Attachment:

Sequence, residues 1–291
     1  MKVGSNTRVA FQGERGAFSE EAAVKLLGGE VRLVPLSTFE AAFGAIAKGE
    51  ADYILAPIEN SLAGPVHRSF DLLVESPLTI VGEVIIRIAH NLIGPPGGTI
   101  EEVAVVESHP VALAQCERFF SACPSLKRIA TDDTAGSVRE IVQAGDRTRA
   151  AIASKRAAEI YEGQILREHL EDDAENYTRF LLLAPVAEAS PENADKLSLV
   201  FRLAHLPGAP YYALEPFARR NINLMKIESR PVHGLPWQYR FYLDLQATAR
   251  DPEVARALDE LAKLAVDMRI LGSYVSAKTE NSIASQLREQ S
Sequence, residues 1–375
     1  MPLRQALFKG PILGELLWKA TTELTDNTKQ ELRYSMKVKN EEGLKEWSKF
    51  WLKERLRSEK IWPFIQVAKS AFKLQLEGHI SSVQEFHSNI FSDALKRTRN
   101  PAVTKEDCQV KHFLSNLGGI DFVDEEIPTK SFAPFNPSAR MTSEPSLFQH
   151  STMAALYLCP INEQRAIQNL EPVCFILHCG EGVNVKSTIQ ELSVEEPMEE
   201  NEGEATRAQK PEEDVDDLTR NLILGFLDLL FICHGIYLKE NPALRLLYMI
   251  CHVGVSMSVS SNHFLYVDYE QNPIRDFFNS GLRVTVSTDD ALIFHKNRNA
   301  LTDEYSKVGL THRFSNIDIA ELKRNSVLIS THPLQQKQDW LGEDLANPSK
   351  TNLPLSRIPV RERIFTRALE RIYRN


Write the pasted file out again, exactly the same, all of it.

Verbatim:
Sequence, residues 1–291
     1  MKVGSNTRVA FQGERGAFSE EAAVKLLGGE VRLVPLSTFE AAFGAIAKGE
    51  ADYILAPIEN SLAGPVHRSF DLLVESPLTI VGEVIIRIAH NLIGPPGGTI
   101  EEVAVVESHP VALAQCERFF SACPSLKRIA TDDTAGSVRE IVQAGDRTRA
   151  AIASKRAAEI YEGQILREHL EDDAENYTRF LLLAPVAEAS PENADKLSLV
   201  FRLAHLPGAP YYALEPFARR NINLMKIESR PVHGLPWQYR FYLDLQATAR
   251  DPEVARALDE LAKLAVDMRI LGSYVSAKTE NSIASQLREQ S
Sequence, residues 1–375
     1  MPLRQALFKG PILGELLWKA TTELTDNTKQ ELRYSMKVKN EEGLKEWSKF
    51  WLKERLRSEK IWPFIQVAKS AFKLQLEGHI SSVQEFHSNI FSDALKRTRN
   101  PAVTKEDCQV KHFLSNLGGI DFVDEEIPTK SFAPFNPSAR MTSEPSLFQH
   151  STMAALYLCP INEQRAIQNL EPVCFILHCG EGVNVKSTIQ ELSVEEPMEE
   201  NEGEATRAQK PEEDVDDLTR NLILGFLDLL FICHGIYLKE NPALRLLYMI
   251  CHVGVSMSVS SNHFLYVDYE QNPIRDFFNS GLRVTVSTDD ALIFHKNRNA
   301  LTDEYSKVGL THRFSNIDIA ELKRNSVLIS THPLQQKQDW LGEDLANPSK
   351  TNLPLSRIPV RERIFTRALE RIYRN